Approaches to planning interpretations-focused enquiries.


Published: 25th July 2007

Michael Riley, member of the HA Secondary Committee and History PGCE Tutor at Bath Spa University.

 In recent years, teaching about different interpretations of history has been one of the most exciting and challenging aspects of Key Stage 3 history. Interpretations-focused enquiries allow pupils to see that argument and debate are central to history. By examining how people in later times have presented the past in pictures, plays, films, reconstructions, museum displays, and fictional and non-fictional accounts pupils deepen their understanding of the contested nature of history. I have found the following approaches and question stems helpful when planning interpretations-focused enquiries at Key Stage 3.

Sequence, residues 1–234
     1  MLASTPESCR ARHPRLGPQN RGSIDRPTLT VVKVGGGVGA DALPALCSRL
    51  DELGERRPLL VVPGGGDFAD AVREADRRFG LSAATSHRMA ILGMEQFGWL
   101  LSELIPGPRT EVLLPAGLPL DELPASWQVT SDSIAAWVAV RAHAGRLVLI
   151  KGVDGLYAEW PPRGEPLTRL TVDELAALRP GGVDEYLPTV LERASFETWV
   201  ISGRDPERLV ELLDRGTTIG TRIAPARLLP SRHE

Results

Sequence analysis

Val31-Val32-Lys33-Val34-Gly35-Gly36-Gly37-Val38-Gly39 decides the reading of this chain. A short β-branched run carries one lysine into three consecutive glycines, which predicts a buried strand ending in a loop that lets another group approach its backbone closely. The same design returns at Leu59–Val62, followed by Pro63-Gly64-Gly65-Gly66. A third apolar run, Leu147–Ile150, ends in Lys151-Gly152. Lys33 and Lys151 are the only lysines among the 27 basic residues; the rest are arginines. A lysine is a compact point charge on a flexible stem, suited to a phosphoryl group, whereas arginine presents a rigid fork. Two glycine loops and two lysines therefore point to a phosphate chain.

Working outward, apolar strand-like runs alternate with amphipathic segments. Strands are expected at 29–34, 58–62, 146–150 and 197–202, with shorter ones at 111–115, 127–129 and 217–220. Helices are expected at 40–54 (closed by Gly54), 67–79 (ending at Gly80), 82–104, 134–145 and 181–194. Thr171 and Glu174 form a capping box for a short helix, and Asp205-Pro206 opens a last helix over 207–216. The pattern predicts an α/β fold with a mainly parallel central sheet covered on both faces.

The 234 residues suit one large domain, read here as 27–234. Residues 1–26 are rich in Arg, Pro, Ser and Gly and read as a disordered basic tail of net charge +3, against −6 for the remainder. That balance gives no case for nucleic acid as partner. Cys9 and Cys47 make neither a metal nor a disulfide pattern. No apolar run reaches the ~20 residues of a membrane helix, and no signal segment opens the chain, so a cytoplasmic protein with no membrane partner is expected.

Enthusing pupils about interpretations
How does (film-maker/novelist/historian) get us on the side of...?
How can we plan/write/make a.... in the style of...?
What makes....such a powerful....?

Enraging pupils about interpretations
Why are people so angry about...?
How should we complain about...?
Why do we need a better interpretation of...?

Engaging pupils with academic debate
Why can't historians agree about...?
Why has...been interpreted so differently?
How can historians disagree so much about...?

Helping pupils to understand what an interpretation tells us about the society that produced it
What does...tell us about American society in the late twentieth century?
Why does...matter today?
Why do Hollywood films about...leave out...?

Helping pupils to understand why interpretations change through time
Why have such different stories been told about...?
What did the Victorians think about...?
Why have people changed their mind about...?